Yesterday’s 490-point rally in the Dow Industrials was quite a change of pace after the worst Thanksgiving Week market since 1932. To say we didn’t get a Turkey Day rally is an understatement. However, yesterday stocks surged as the Fed, the European Central Bank and other central banks around the world decided to join forces and inject liquidity into the markets.
But will this market euphoria last, or did we simply get our Santa Rally early (or is this our Thanksgiving run-up, just a week late)?
Trend-following strategists have gotten chopped up worse than the Philadelphia Eagles pass defense this fall. And most reversals have come this way, via steep morning gaps. Which of course means that stops have limited value as protection for overnight positions.
The volatility markets didn’t particularly believe in the sell-off last week. The CBOE Volatility Index (CBOE:VIX) rallied about 7%, but that was a significant underperformance with the market drifting nearly 5% — especially given that the VIX has hovered in the low 30s for most of the month of November.
The Thanksgiving Market Slump
Might Offer a Preview of December
Now, part of that had to do with the calendar. Option market-makers lower their bids ahead of and into slow holiday weeks on the (generally correct) assumption that realized volatility slows. And indeed, realized volatility has slowed.
Realized volatility in the S&P 500 sits near 20, so a VIX near 30 actually overprices options relative to the pace the market is actually moving now.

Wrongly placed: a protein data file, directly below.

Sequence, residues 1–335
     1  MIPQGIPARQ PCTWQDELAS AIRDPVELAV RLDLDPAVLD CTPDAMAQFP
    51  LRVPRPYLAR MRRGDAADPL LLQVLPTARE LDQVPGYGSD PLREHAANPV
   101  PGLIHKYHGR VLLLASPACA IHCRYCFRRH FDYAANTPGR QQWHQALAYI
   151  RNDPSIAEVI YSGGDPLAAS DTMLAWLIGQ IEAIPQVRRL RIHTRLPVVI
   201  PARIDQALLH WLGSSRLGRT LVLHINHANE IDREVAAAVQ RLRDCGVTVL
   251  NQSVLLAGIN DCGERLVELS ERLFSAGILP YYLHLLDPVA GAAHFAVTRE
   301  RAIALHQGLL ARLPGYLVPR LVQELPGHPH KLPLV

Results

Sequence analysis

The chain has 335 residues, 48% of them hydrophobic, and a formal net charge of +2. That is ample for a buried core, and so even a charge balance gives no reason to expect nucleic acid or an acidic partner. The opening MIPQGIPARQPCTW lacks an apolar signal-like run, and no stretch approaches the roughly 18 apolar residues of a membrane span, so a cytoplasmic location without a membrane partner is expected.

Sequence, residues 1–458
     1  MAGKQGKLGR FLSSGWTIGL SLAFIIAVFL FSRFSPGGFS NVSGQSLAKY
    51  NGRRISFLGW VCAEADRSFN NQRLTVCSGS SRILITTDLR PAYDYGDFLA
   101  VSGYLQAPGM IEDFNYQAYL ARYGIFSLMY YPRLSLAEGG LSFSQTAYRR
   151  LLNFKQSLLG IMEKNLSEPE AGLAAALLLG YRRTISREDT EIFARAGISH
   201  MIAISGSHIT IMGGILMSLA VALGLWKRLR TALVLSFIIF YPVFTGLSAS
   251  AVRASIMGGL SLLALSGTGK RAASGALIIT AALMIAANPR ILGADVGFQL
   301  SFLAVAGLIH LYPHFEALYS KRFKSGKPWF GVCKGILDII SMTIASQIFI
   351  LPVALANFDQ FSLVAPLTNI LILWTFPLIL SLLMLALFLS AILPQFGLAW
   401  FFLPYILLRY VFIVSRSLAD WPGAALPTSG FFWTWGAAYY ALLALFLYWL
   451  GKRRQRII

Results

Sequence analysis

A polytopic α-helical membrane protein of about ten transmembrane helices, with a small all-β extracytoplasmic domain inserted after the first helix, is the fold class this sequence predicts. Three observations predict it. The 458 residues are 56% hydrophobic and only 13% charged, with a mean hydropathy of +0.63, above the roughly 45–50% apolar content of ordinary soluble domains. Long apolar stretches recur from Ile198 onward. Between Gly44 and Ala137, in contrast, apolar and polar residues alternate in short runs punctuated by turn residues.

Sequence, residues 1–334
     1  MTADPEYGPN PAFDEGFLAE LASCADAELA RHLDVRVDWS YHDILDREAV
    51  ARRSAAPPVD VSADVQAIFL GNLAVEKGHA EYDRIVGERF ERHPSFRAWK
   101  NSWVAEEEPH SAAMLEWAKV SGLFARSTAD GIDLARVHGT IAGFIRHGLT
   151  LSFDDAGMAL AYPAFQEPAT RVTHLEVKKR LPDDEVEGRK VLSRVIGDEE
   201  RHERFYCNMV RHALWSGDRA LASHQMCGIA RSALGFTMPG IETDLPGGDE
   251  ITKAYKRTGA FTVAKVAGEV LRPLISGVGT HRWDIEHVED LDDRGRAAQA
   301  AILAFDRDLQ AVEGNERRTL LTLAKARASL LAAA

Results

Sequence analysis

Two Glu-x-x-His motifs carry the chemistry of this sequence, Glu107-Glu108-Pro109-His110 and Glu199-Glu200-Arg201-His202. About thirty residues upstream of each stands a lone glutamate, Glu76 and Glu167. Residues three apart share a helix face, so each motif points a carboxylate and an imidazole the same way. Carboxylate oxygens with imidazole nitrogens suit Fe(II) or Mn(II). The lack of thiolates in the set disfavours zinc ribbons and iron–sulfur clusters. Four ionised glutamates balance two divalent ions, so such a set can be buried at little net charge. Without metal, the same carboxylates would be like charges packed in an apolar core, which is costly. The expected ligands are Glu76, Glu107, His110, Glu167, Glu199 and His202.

This whole setup is not unusual. I ran numbers for my book, Options Volatility Trading (shameless plug alert!) and found that options in the December cycle are the most overpriced of the year.
I defined this as the relationship of median implied volatility (basically the VIX) to the median realized volatility of the cycle. It came out to 1.66, which is pretty close to the ratio we’re seeing right now.
Can the Markets Make Sense
of All This Mayhem?
Volatility often picks up in the fall, and then tapers off into year-end. Options lag a bit in picking this up, and thus they stay modestly overpriced into year-end.
Will it play out that way this year? We never know of course, but it seems like a plausible setup.
Headline risk remains a factor. As we’ve seen, the markets just cast their approval of the latest lifeboat being tossed to the Titanic that is the Eurozone debt problem, and yet no one is looking at solving the financial problems in the United States!
So, the question is to what extent the market has already priced in the next events to unfold, whatever they may be. It’s possible we’ve already discounted them, but only time will tell.